A team of German scientists have created a strong adhesive that can quickly stick and unstick with a flash of light. While the initial use case is building precise microelectronics, manipulating parts without leaving a sticky residue, the eventual aim is to let humans climb surfaces just like Spider-man.

The material combines a tape inspired by gecko feet adhesion with a porous, light-sensitive film that curls up when exposed to UV light. By turning the UV on and off, it controls how much of the material is touching a surface at a micrometre scale, triggering the stickiness on and off.

The researchers were able to pick up and move surfaces including glass plates and spheres, and the material left no more residue than a rubber band on the objects picked up. The material would be especially useful in clean room environments where contamination was a major concern, but the truly exciting application is in human-sized adhesion, especially as a 20cm square should be sufficiently strong enough to pick up a adult male.

ohroma-girl-hdWebcam Site Introduces Scent Mask Integration
NSFW cam site CamSoda has announced the OhRoma, a VR-compatible scent mask for those looking to insert an extra level of immersion into their VR webcamming experience. The mask, which costs $69.99 (£57) can be loaded with cartridges to recreate the smell of anything from perfume and a meadow to perfume and private parts.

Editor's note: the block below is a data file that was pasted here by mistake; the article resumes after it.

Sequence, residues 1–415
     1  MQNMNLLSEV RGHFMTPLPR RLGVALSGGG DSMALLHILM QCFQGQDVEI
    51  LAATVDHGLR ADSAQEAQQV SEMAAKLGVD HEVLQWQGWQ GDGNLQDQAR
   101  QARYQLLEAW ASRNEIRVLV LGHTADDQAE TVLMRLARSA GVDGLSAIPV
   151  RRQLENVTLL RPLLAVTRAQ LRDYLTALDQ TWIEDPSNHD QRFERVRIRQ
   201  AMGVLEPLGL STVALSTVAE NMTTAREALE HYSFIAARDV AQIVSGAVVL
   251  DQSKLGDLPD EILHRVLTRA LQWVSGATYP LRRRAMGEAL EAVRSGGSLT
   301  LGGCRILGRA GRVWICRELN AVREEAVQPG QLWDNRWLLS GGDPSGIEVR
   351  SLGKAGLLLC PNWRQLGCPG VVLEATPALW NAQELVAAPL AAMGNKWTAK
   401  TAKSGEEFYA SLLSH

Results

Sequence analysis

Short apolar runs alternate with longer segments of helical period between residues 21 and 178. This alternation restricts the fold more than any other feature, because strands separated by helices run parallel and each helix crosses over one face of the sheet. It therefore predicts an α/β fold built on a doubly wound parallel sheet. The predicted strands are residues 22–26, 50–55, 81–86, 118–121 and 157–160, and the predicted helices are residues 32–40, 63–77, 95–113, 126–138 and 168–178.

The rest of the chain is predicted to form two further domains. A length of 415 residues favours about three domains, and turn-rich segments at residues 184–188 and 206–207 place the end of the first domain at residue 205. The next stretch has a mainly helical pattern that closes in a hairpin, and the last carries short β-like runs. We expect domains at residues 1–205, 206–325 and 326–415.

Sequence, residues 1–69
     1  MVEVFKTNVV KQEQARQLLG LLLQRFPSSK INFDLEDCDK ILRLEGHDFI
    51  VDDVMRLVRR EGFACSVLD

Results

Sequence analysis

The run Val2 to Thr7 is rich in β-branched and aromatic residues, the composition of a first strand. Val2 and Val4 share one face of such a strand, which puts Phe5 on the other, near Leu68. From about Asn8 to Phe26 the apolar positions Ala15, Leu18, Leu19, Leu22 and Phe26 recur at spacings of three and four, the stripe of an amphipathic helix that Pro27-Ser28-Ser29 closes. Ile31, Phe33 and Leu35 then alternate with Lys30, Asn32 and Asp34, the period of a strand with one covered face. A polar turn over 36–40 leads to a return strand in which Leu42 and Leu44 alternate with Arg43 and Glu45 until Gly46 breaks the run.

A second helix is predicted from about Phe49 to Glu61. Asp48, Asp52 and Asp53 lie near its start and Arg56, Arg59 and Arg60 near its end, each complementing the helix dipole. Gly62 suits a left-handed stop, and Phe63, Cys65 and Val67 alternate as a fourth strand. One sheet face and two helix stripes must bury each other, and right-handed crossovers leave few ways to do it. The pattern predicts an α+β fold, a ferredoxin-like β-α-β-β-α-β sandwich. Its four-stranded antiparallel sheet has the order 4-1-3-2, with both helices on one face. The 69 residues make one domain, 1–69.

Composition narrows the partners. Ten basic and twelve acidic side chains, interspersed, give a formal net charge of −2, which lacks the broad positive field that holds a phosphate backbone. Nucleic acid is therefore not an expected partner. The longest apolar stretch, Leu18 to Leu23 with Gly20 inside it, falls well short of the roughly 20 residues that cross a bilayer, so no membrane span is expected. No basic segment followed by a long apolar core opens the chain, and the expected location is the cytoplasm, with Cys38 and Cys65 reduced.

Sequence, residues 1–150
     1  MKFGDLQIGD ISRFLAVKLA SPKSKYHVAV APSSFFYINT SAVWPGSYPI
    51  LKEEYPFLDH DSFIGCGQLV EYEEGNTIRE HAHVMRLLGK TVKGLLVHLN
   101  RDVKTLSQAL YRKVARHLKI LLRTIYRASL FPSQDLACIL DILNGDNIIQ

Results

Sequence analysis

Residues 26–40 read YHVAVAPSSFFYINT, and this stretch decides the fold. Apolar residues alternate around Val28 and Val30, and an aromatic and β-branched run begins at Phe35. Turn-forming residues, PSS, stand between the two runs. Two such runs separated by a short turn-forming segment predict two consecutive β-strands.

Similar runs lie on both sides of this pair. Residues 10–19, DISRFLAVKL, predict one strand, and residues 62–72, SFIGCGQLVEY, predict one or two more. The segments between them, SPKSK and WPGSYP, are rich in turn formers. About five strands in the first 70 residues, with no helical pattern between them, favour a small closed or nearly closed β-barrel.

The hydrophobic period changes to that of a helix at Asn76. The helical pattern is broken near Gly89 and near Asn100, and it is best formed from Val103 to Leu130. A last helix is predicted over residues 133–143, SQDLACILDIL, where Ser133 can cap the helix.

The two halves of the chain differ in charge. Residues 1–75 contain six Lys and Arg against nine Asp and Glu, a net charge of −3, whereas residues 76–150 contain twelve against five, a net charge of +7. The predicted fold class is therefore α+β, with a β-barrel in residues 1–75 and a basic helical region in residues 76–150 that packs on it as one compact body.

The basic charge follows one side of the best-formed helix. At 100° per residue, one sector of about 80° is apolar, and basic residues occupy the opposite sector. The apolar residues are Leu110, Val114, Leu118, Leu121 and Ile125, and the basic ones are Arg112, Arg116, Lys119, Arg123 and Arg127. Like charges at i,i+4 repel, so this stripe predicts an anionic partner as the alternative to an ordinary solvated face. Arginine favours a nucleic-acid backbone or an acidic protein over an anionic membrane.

"Here at CamSoda we remain steadfast in our pursuit of technology that challenges the boundaries of what is imaginable and to provide our fans with as many dimensions of sensory stimulus as possible," said Daron Lundeen, CEO and president of CamSoda. "Virtual reality figures to play a pivotal role in 2017 and we wanted to enhance the experience for our fans by introducing OhRoma which now allows users to smell what they are seeing and hearing."

The mask will come with an accompanying app that connects to the device via Bluetooth, and when it is used, it will heat up the cartridges to produce the various aromas matching the VR experience they are viewing.

wef anti drone cannon
Swiss Police Deploy Anti-drone Cannons at World Economic Forum

The World Economic Forum at Davos attracts its fair share of controversy every year, gathering together as it does the world's governmental and financial leaders, and with that comes a number of security concerns. With the advent of consumer drone technology, those security concerns take on a new high-tech angle, and according to Bloomberg, local police have been preparing HP 47 Counter UAV Jammers to ensure drones don't get too close to the venue.

"While drones have great potential, they have – just as every new technology or aspect of the Fourth Industrial Revolution – also a potential downside," said Georg Schmitt, spokesperson for the WEF. "The forum takes the safety and security of its participants seriously. It is therefore normal that we take any potential issue into account and prepare for it."

The HP 47 can disable drones from up to 1,000ft away, preventing operators from accessing video feeds or remote controls, and trapping the machines within an 'invisible fence' that enables them to easily capture or destroy them.